A federal judge on Wednesday told Imelda Marcos she was free to return to her Hawaiian exile home after millionairess Doris Duke put up $5 million in bail for the former Philippines first lady.
Duke, a tobacco heiress and once one of the world's richest women, said through her lawyer she was putting up the bail because "I am happy to aid Mrs. Marcos and the United States courts."Final details on the bail agreement were to be completed late Wednesday, but U.S. District Judge John Keenan said Mrs. Marcos was free to return to Hawaii until her next appearance on fraud and racketeering charges.
Mrs. Marcos, 59, pleaded not guilty on Monday to charges that she and her husband, ousted Philippine President Ferdinand Marcos, looted the Philippines of $103 million and used that money to secretly buy four Manhattan commercial buildings. She flew to New York from Honolulu in Duke's private plane.
Duke is the 75-year-old daughter of James Duke who was president of the American Tobacco Co. and underwriter of Duke University. He died in 1925 and left his estate to her at which time she was known as the world's richest woman. Her estimated wealth at the moment is $125 million and she is believed to have a checking account of $80 million.
Donald Robertson, a lawyer for Duke, said the heiress would sign the bail papers late Wednesday. He said she was delighted to aid her old friend and would turn over municipal bonds to secure the bail. The amount to be turned over would be slightly in excess of $5 million to account for market flucuations, the court was told.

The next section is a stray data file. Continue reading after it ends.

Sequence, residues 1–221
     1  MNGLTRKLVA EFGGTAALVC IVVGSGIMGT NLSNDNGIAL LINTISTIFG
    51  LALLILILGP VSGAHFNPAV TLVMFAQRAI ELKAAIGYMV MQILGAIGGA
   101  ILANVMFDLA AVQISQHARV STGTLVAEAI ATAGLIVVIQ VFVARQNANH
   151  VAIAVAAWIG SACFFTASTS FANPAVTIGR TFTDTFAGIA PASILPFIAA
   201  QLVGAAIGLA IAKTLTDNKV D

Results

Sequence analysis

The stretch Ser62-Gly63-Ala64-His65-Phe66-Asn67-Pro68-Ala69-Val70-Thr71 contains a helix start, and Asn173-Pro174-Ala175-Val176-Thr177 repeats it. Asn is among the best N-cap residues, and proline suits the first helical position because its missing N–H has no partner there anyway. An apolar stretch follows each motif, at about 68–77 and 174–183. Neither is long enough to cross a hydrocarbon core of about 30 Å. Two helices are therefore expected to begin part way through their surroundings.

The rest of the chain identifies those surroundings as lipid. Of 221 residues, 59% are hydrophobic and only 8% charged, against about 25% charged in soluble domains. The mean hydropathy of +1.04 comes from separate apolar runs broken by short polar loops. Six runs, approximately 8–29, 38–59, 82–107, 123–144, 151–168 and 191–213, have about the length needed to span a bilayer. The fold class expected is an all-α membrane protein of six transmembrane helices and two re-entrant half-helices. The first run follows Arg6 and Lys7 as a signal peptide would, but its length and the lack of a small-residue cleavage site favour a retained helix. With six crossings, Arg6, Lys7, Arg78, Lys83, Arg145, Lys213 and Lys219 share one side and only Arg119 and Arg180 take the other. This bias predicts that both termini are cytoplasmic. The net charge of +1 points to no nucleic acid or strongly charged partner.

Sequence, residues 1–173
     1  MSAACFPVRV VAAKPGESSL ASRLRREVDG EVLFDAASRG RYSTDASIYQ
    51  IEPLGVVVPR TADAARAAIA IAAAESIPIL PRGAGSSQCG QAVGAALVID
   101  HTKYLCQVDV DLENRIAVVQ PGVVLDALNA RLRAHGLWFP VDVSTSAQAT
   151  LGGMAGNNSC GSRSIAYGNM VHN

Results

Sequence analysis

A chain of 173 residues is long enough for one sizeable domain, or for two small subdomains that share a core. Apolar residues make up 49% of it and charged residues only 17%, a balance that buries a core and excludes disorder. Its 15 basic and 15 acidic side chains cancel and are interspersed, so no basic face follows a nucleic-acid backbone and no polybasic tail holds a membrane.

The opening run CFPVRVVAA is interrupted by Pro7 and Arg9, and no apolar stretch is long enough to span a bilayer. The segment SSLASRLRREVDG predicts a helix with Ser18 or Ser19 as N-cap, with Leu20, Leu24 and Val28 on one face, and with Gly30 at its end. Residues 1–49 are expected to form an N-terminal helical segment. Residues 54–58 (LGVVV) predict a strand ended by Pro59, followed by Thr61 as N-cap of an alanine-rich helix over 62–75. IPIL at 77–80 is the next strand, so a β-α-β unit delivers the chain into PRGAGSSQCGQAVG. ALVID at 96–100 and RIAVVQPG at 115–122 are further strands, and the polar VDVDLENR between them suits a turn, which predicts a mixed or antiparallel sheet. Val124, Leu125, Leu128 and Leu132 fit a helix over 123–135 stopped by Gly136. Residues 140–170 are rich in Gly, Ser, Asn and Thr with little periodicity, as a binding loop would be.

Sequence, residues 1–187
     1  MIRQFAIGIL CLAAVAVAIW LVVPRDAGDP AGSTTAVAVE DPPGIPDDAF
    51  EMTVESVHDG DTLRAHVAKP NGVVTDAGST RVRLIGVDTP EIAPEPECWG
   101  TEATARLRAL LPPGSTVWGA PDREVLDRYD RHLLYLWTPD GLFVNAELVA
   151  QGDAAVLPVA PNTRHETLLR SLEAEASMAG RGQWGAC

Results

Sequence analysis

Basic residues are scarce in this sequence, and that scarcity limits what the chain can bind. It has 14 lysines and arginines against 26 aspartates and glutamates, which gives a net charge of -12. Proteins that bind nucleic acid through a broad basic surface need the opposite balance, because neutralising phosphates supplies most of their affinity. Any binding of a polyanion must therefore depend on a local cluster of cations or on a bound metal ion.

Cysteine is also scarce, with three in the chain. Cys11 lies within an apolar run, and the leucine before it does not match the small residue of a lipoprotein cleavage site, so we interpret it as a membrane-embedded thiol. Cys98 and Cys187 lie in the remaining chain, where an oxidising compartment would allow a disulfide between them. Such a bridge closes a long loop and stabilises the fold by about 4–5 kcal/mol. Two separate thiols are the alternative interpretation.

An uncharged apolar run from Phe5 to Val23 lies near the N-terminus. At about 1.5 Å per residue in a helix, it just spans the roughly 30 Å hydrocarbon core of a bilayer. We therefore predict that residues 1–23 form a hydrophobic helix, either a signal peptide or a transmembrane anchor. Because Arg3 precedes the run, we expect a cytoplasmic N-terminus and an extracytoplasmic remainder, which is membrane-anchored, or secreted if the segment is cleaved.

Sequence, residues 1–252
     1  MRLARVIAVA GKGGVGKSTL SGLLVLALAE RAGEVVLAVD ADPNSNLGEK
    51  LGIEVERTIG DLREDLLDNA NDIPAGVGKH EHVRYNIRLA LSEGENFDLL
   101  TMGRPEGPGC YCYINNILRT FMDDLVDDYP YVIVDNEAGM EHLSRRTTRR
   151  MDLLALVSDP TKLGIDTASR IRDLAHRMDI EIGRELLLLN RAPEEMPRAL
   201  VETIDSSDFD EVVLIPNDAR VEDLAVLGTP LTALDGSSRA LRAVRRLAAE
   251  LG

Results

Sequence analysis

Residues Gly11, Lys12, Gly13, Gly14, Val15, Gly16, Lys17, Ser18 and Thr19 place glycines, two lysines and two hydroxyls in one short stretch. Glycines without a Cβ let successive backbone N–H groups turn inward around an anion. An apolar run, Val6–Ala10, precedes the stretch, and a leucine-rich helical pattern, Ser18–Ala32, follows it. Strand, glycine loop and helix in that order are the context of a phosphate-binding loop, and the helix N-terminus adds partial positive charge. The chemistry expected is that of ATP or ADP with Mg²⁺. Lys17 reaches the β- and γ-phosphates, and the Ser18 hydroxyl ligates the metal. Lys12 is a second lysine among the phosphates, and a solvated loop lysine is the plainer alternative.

Robertson, outside the court, told reporters, "People in some quarters regard the indictment as a double cross. First they invited the Marcoses to come to the United States and then they indict them. This is not fair play." He said that Duke feels that President Reagan regrets the indictment.
Keenan told the lawyers that his wife had gone to college with Corazon Aquino, who became president of the Philippines after Marcos was driven out of the country in 1986. But he said he has never met her and his wife has only seen Aquino once in the past 35 years.
While in New York, Imelda Marcos has been staying in an $1,800-a-day suite at the Waldorf Astoria hotel, which her spokesmen say is being paid for by friends.
In an interview with Cindy Adams of the New York Post, she said that she and her husband were flabbergasted by the high amount of bail. "It's like the government told us, `Commit suicide or we will kill you. It was a drop dead deal,' " she told the reporter, who is an old friend.